Over the summer I read a number of popular books from various best seller lists. Here are my short reviews of ten of those. As you can see, I especially like a good mystery or detective crime novel. If you have read some that are not on this list, I would appreciate hearing from you about others that you think are good and those that are not. Also, I encourage your assessment of the ones below, even though it might disagree with mine.
Under the Harrow by Flynn Berry
This is the story of Nora who returns home from London to visit her sister. On arrival she finds her sister murdered. Told from Nora’s point of view, the narrative relates the ensuing police investigation into the murder as well as Nora’s own inquiry into her sister’s life. What she finds is a person she didn’t know. As this novel is told from Nora’s perspective, it is not a police procedural. Instead, it is better classified as a “psychological thriller.” The reader learns, as the story progresses, that Nora is an unreliable narrator. As Nora’s grip on reality appears to loosen, the reader begins to suspect that Nora, herself, might be the murderer. It becomes clear that the police have the same suspicion. I recommend this book with the proviso that Nora’s persistent voice may strike some as tedious.
Into the Water by Paula Hawkins
Following up on her recent hit, Girl on the Train, Hawkins delivers another engaging piece of “mystery” fiction. I enclose “mystery” in quotes because for most of the book the reader suspects, but cannot be sure, that a crime has been committed. Thus, this is definitely not the traditional whodunnit, nor is it an adventure tale in the normal sense of the term. Instead, the narrative proceeds with a series of soliloquies by the characters in the story, each reflecting on the history of drownings that have occurred in a deep pool at a bend in the local river. Through the device of the soliloquy, the reader learns about the configuration of facts and personalities involved in, and affected by, the drownings. Hawkins gradually builds the story while keeping the reader guessing by cleverly inserting instances of misdirection in the narrative. The overall effect is positive.
Malice by Keigo Higashino
The vast majority of murder mysteries focus on the question, “Who committed the crime.” Higashino’s Malice is different. In this novel the victim is murdered at the beginning of the story, and in short order the killer is identified. It becomes clear, however, that without a convincing motive for the murder, the prosecutor cannot get a conviction. Thus, the question for the detective of the novel is not, “Who committed the crime,” but rather, “What could possibly be the motive?” It is the solution to this question that Higashino’s talent for ingenious plot lines creates another engaging mystery. Readers are warned not to form hasty judgements as they progress through the story. On more than one occasion I thought I understood wherein lay the solution to the question at hand, only to discover later that I didn’t understand at all. What a delight.
The Haunting of Hill House by Shirley Jackson
Novels about haunted houses are not generally to my taste, but I thought I would take a chance on this one because some regard it as the best haunted house tale of all time. Perhaps it is because of my lack of interest in the genre, but I wish I had skipped this story. The novel is told from the point of view of one of four people who meet at an old Victorian mansion, reputed to be haunted. Three of the characters are chosen by the fourth, a somewhat suspect Ph.D. in anthropology who has an interest in the paranormal. (Note the dig at academe, especially anthropology.) The three are chosen for their personal histories or relation to the house. One is the heir to the house. Another is chosen because of her history of telepathy. The main character is chosen because of her history with poltergeist. It is worthwhile noting that neither telepathy nor poltergeist have any clear relation to the story. The story ends when the author, apparently tired of writing, decided to send all the characters home.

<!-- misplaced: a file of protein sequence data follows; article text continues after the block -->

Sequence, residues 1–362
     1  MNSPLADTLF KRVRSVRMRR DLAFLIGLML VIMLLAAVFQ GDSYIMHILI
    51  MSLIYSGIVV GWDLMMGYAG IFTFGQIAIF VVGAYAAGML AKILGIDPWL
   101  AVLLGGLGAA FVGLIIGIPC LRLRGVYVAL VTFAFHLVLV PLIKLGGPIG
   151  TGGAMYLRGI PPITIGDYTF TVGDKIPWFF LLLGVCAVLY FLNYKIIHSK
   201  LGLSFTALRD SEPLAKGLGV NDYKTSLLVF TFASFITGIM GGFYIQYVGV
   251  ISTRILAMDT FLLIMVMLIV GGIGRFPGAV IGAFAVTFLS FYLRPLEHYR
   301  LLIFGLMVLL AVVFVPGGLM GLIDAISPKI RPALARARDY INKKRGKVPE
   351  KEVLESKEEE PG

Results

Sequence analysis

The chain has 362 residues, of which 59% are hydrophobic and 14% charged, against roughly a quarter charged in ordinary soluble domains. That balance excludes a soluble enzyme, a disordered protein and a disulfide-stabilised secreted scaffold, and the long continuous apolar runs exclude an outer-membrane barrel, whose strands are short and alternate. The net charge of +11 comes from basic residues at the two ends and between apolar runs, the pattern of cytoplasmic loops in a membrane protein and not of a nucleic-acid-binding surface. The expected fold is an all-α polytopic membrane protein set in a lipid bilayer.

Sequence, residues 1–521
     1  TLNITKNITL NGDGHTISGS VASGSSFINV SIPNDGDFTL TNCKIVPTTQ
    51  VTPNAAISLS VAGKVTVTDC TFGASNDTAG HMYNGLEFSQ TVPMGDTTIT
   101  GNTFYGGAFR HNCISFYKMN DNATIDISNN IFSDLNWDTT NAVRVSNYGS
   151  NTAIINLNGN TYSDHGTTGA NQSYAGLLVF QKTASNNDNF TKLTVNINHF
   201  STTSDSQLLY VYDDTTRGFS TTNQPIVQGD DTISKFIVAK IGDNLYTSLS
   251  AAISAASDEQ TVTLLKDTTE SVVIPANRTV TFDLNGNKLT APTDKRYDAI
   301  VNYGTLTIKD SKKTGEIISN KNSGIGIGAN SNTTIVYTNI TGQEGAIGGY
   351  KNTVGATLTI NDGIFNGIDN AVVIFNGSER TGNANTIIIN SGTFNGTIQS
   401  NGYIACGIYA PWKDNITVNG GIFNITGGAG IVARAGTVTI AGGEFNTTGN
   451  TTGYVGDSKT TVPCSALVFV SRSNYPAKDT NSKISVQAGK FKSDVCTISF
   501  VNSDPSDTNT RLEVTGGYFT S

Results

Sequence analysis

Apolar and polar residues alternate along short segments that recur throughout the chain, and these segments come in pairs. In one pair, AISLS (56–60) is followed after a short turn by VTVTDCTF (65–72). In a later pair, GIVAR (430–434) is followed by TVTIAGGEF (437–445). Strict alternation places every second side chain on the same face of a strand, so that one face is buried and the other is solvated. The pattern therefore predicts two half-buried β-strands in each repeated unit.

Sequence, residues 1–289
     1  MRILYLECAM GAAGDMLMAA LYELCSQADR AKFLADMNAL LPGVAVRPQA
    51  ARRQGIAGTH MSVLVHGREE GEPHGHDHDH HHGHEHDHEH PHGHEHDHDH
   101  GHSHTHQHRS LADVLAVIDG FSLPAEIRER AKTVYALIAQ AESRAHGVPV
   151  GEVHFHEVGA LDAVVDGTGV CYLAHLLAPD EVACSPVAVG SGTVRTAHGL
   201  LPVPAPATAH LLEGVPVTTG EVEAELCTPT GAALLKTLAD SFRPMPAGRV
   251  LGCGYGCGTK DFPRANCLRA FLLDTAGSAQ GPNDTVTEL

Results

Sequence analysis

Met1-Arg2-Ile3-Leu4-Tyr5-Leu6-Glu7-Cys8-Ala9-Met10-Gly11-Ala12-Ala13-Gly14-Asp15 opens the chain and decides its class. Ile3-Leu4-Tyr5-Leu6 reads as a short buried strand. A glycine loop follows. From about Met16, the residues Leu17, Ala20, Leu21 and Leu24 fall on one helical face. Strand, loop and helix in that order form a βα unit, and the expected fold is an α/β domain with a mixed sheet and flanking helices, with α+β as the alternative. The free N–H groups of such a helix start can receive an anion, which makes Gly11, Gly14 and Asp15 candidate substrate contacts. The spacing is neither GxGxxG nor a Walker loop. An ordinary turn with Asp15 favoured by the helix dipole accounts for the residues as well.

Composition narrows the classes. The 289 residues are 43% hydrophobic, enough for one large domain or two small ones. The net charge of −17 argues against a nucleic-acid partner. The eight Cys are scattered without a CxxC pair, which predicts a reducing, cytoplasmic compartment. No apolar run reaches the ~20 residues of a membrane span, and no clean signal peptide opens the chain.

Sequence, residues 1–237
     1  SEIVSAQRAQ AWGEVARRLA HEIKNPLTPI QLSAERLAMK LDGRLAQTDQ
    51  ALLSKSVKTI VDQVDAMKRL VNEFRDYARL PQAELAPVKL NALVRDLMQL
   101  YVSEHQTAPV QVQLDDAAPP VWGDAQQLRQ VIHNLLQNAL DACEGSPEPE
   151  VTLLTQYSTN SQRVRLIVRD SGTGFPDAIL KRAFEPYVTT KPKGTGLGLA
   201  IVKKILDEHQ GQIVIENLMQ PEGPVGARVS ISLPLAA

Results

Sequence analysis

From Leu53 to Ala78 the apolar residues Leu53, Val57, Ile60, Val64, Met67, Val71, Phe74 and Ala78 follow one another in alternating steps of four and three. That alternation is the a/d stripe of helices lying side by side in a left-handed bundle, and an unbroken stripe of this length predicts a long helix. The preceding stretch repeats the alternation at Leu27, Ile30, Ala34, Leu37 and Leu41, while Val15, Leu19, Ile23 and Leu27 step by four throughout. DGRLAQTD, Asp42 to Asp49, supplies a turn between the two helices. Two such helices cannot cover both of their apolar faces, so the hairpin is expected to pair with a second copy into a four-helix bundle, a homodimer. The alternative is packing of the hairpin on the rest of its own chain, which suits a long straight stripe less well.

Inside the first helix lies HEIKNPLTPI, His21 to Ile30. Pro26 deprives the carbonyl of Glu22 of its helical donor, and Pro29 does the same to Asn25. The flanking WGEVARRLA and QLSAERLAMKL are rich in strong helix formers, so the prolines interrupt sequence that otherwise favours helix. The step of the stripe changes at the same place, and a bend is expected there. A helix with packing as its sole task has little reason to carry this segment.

I am aware that many readers of this tale see a complex psychological thriller about an unreliable witness where I see banality. I agree that such an interpretation makes the book more interesting, but I think the effort is poorly executed nonetheless.
The Couple Next Door by Shari Lapena
This is a story about the kidnapping of a six month old infant, and it is a page turner. The characters are thinly sketched and the scene descriptions are meager. Yet the story is compelling. At the beginning a child is kidnapped, but there are no clues and no forensic evidence as to how it was accomplished. The narrative is carried along by the conversations of the anguished parents and grandparents. The police procedural aspect of the story is secondary to the plot as the parents are afraid to involve the police for fear of bringing harm to the kidnapped child. About halfway through the book, the facts of the kidnapping are revealed. But gradually the backstory of the novel moves front and center to reveal a surprising conclusion. The Couple Next Door is a quick and entertaining read.
The Deep Blue Good-By by John D. MacDonald
Although John D. MacDonald is one of the icons of “hard-boiled” detective novels, this was my first experience reading one of his books. If the rest of MacDonald’s books are similar to this one, I’m not encouraged to continue reading them. This is the first book in MacDonald’s Travis McGee series. McGee is a self-indulgent beach bum whose preachy disdain for middle-class life styles gets tiresome rather quickly. He makes his living as a kind of bounty hunter who will pursue his client’s loss as long as he gets half when it is recovered. Perhaps because the book was first published in 1964, MacDonald’s views on masculinity and femininity seem more like caricatures than anything real. McGee, the main character is self-delusionally boorish when it comes to his views about women; what they are like, how they think, their motives, and so forth.